Here is a code snippet from BFS implementation-

```
public static void findShortestReach(LinkedList<Integer>[] adjList,int start,int nodes)
{
int[] level=new int[nodes]; //keeps track of distance of node in terms of number of edges
Arrays.fill(level,-1); //-1 signifies unreachable
level[start-1]=0; //distance of start from start is 0
ArrayList<Integer> frontier=new ArrayList<Integer>();
frontier.add(start);
int i=1;
while(!frontier.isEmpty()) //'nodes' times
{
ArrayList<Integer> next=new ArrayList<Integer>();
for(int j:frontier)
{
for(int k:adjList[j-1])
{
//System.out.println(k+"hi");
if(level[k-1]==-1)
{
level[k-1]=6*i;
next.add(k);
}
}
}
frontier=next;
i=i+1;
}
for(int l=0;l<nodes;l++)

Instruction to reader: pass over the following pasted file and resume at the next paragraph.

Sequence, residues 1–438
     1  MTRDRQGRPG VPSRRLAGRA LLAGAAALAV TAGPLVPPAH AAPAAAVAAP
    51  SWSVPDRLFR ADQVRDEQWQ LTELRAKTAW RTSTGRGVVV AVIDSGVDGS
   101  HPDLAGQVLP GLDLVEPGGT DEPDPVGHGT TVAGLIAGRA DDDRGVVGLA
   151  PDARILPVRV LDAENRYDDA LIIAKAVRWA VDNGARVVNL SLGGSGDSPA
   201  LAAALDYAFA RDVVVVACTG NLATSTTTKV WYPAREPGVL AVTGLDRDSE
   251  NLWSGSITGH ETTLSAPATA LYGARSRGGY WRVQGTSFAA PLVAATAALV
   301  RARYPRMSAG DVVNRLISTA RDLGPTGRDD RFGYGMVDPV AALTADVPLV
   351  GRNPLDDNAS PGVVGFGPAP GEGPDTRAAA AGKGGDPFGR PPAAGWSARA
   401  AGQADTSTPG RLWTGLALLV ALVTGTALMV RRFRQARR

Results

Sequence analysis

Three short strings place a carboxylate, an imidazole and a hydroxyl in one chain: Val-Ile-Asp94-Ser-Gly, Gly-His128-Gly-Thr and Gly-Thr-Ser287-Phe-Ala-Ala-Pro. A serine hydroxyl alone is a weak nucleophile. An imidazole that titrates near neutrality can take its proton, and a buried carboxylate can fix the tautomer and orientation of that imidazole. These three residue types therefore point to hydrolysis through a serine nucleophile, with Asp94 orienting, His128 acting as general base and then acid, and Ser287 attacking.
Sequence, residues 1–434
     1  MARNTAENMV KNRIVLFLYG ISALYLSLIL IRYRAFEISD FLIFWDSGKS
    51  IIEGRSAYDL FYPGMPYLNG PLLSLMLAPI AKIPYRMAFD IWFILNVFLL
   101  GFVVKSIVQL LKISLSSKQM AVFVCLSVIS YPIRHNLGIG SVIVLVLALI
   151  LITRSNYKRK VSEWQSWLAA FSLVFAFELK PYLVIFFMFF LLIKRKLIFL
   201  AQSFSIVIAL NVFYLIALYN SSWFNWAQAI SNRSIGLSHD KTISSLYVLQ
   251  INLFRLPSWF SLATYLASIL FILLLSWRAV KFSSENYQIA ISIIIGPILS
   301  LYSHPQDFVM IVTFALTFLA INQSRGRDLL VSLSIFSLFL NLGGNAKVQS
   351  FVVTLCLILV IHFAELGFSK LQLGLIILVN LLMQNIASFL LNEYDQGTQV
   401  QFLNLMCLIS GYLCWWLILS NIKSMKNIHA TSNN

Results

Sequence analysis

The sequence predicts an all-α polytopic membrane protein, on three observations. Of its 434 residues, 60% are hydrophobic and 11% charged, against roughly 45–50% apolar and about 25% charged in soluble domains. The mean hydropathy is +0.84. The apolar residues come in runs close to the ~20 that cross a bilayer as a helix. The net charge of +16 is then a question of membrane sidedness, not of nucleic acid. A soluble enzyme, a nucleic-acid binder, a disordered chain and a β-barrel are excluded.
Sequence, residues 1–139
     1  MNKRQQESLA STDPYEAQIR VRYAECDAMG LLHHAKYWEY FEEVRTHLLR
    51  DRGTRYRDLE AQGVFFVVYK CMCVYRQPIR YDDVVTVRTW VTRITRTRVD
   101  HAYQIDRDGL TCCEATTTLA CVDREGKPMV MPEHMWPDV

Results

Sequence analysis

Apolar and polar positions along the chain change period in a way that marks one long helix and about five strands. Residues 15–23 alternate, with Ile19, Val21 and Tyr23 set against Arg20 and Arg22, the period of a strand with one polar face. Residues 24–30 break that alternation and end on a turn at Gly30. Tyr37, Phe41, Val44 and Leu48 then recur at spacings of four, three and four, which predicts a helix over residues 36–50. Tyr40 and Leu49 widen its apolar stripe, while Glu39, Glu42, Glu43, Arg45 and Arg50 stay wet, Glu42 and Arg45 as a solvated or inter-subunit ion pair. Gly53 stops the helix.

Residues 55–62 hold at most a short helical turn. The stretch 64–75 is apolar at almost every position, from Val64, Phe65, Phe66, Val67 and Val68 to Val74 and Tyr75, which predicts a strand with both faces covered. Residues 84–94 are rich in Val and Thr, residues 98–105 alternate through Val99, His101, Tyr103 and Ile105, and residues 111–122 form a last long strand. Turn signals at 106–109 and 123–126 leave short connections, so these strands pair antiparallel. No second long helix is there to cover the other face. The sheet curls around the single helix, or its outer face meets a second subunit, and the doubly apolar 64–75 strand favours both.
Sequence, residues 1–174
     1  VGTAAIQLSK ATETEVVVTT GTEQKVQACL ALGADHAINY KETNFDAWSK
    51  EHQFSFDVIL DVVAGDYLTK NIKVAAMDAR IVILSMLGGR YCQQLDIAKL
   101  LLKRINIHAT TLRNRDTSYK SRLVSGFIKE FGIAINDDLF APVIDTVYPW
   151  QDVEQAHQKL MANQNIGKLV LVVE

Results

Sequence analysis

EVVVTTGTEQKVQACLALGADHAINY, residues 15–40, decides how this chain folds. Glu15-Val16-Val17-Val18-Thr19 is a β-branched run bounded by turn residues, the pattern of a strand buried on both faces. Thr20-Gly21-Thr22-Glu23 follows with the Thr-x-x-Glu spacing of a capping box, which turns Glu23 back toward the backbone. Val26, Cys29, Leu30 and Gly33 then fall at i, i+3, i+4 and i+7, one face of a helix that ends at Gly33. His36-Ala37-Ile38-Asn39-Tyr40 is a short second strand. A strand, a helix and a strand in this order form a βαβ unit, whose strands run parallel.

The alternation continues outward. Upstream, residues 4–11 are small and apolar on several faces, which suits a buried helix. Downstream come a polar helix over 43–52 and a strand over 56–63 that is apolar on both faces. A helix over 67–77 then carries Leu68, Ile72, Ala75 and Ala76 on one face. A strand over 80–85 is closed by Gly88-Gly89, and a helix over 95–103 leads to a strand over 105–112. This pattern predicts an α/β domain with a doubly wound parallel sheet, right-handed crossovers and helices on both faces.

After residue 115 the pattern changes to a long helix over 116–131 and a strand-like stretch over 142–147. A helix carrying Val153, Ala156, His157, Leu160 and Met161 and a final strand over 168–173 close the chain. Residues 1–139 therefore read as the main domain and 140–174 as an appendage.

{
if(level[l]!=0)
{
System.out.print(level[l]+" ");
}
}
}
```

where 'start' is starting node and 'nodes' is number of nodes.The above algorithm is space wise inefficient as it creates ArrayList again and again inside the while loop.I am not able to convince myself in terms of complexity.

The while loop will run 'nodes' times i.e.V times. Each of these times ArrayList will be created and its size will increase as elements are added to it.Maximum number of elements it will ever store in worst case will be V-1.So the space complexity fells to be V^2. But does it capture doubling of arraylist once it is filled as that will happen many times during each iteration of while loop. How to accurately judge space complexity in this case?